By staying vigilant, remaining committed to ethical practices, and engaging with audiences responsibly, journalists can navigate these challenges and maintain trust and credibility in an increasingly complex media landscape.

This emphasizes the necessity of social media regulation to strike a balance between information freedom and access, as well as the rights of others to be safeguarded from abuse and the protection of society as a whole.

The legal system will eventually pursue individuals who enjoy causing harm to others in the name of social media freedom and journalism, regardless of the length of time it takes. While there is nothing wrong with social media freedom, using the medium carelessly to defame others is.

One option available to victims of defamation is to take legal action. Defamation has the potential to result in damages and legal ramifications, contingent on the case’s merits. A widespread absence of consequences for their conduct or inaction is one of the reasons why some media practitioners in Nigeria resort to defamation. The defendants bear the burden of proof in this case.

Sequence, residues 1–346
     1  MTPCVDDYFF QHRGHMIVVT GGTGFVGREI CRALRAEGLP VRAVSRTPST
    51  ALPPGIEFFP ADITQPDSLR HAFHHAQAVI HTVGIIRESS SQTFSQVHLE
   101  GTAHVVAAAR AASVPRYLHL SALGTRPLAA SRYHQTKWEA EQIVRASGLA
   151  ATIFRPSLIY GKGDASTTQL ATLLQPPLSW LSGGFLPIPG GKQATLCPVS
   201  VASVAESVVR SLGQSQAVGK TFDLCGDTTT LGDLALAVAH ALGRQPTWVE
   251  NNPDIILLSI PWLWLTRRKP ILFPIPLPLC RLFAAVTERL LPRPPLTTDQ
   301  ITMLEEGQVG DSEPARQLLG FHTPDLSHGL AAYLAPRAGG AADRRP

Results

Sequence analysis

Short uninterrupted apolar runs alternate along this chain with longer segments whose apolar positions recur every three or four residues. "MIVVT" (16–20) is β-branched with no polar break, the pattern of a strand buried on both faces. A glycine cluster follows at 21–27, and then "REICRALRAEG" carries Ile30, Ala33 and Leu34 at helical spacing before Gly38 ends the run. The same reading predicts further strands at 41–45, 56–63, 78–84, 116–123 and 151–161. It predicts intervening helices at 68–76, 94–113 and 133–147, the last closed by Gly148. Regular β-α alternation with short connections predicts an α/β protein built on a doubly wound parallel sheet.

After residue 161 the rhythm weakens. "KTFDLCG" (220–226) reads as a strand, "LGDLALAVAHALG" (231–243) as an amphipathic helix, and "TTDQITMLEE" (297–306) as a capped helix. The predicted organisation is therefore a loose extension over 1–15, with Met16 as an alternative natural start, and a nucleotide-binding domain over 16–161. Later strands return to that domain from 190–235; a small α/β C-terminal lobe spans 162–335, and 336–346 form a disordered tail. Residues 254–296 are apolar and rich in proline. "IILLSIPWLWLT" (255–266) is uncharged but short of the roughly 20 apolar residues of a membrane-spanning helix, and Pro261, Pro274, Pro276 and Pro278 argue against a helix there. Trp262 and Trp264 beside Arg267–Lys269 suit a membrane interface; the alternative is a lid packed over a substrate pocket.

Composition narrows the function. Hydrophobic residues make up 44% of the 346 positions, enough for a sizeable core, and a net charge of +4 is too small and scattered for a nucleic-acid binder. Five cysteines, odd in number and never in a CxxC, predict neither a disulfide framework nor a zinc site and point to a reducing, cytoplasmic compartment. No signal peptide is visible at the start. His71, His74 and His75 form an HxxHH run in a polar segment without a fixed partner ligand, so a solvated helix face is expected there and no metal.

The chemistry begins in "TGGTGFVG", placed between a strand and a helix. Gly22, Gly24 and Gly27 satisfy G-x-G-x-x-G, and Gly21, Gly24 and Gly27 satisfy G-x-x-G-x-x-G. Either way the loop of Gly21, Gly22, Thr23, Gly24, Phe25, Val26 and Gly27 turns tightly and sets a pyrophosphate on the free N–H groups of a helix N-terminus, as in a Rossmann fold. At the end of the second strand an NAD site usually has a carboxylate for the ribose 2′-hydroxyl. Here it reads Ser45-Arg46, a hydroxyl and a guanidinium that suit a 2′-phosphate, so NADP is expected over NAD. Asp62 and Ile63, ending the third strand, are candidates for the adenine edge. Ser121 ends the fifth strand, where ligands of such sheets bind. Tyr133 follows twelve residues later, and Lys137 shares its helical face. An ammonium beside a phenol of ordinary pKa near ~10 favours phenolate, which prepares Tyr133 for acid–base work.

They must therefore provide proof that the defamatory imputation is substantially true to win the lawsuit and avoid legal repercussions. It will be simpler for the proverbial camel to go through the eye of the need than it will be for the defendant to elude the consequences of the law given the present lack of constraint.

Overall, responsible journalism is not just a professional obligation but a moral imperative. As a pillar of democracy, it serves the public interest and helps to create a more open, inclusive, and accountable society. In Nigeria, the need for responsible journalism is paramount in shaping a brighter future for all its citizens.

Adewole Kehinde is the publisher of Swift Reporters and can be reached at 08166240846. E-mail: kennyadewole@gmail.com